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Marijuana Black Market Big Problem for MA

Massachusetts voters legalized marijuana for recreational use in 2016. But over two years later, most pot sales in the state still take place on the black market.

 

The main reason for that is the slow rollout of state-licensed pot shops, with only eight stores currently open.

 

“They’ve made it so inconvenient” to buy legally, said Jennifer Dudley, a 31-year-old cannabis consumer who lives in Reading.

 

She said the few available shops were “in the middle of nowhere,” and “the line was so crazy that I didn’t even bother going in -- I kept the black market alive instead.”

 

State regulators say they’re issuing licenses as quickly as they can. But the state’s cannabis law requires applicants to negotiate contracts with local governments before obtaining a license. And that process, often involving consultation with lawyers, architects and others, takes time and money.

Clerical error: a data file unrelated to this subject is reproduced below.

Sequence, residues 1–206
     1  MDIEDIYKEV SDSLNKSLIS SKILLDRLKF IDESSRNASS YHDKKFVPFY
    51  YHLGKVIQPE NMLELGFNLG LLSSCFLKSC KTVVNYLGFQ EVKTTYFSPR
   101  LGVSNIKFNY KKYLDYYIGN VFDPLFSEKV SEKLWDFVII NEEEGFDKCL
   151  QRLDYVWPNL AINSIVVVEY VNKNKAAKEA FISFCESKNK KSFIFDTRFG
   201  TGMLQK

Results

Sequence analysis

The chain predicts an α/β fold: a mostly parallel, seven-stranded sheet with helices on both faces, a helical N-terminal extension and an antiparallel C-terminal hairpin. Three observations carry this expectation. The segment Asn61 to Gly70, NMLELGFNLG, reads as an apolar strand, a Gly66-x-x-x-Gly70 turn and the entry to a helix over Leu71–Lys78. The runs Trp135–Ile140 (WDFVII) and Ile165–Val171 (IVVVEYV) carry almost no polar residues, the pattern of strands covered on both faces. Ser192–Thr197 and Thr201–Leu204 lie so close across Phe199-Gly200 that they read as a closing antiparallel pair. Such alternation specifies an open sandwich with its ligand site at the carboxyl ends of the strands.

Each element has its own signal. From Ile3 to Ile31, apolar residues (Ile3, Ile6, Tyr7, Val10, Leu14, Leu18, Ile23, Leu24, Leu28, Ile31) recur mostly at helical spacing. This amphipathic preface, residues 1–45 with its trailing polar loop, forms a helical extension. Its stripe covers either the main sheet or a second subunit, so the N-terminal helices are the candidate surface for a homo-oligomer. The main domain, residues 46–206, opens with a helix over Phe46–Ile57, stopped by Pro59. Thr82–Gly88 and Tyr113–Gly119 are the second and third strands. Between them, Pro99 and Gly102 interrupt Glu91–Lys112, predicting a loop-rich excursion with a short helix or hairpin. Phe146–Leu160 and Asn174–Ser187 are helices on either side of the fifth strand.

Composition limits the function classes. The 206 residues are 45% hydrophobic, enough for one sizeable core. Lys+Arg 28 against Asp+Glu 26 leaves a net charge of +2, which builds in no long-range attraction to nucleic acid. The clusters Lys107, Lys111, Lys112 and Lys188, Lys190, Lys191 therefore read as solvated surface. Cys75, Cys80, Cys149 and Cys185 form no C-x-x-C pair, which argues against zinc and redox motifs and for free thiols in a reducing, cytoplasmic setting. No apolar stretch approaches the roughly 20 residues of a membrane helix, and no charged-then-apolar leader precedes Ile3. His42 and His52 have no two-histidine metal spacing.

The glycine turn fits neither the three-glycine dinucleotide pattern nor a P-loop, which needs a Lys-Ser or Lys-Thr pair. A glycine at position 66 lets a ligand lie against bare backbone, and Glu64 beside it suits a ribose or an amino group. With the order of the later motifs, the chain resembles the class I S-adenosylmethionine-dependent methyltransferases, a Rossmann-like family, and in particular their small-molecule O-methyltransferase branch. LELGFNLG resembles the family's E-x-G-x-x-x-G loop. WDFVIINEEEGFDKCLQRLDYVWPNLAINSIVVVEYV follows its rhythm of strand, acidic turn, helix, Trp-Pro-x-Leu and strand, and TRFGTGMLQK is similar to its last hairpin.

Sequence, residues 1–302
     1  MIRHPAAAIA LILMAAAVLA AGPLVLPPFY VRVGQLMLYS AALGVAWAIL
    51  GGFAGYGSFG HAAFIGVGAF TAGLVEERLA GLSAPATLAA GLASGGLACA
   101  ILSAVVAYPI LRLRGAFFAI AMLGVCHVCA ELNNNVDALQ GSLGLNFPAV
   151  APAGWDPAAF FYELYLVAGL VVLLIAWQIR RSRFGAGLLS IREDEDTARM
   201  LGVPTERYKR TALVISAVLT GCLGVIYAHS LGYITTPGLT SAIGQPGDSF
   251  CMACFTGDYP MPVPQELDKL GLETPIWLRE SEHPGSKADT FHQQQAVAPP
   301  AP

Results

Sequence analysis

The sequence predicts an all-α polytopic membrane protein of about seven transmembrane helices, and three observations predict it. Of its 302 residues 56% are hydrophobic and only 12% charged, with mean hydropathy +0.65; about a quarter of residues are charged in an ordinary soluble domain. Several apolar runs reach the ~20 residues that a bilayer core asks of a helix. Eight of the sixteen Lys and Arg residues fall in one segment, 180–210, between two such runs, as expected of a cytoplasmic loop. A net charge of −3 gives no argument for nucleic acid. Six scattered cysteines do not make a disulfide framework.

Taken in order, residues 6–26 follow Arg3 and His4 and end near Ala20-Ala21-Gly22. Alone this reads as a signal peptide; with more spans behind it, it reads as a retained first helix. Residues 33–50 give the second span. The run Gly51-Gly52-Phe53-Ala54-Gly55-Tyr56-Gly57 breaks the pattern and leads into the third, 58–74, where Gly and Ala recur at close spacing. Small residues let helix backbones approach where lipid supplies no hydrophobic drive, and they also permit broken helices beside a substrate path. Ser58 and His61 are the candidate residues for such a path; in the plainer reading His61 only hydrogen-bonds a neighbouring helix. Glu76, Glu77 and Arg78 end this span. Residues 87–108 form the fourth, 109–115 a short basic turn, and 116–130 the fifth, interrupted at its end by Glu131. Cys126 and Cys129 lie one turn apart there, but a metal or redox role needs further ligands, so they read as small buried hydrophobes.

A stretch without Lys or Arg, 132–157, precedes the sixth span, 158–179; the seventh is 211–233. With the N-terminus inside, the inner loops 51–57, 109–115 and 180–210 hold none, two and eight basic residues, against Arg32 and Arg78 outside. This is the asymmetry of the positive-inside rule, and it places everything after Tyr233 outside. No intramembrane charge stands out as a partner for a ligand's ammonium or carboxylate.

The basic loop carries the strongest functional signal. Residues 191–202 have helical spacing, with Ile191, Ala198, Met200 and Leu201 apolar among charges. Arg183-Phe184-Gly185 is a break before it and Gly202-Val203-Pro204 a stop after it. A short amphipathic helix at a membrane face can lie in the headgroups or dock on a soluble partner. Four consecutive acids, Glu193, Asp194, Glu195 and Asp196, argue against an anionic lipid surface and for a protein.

At the rollout’s present rate, it could take three years or more before there are enough licensed pot shops in the state to reduce illegal sales appreciably. However, the state could set up a fund to assist applicants or let small operators share their licensing costs.

 

Massachusetts isn’t the only legal-pot state with a black market problem. Over 82 percent of pot sales last year in California were also illegal, according to cannabis market research firm BDS Analytics. To deal with the issue there, state lawmakers are considering reducing the tax on marijuana sales from 15 percent to 11 percent and suspending the $148 per pound fee on pot growers for three years.

 

But there is reason for optimism about the problem. BDS projects that pot sales in Massachusetts will be nearly 14 percent lower this year than they were last year, about 76 percent versus nearly 90 percent. And illegal sales made up about 33 percent and 39 percent of the total last year, respectively, in Colorado and Washington, the first two states to legalize recreational marijuana sales, in 2014. (BOSTON GLOBE, KCRA)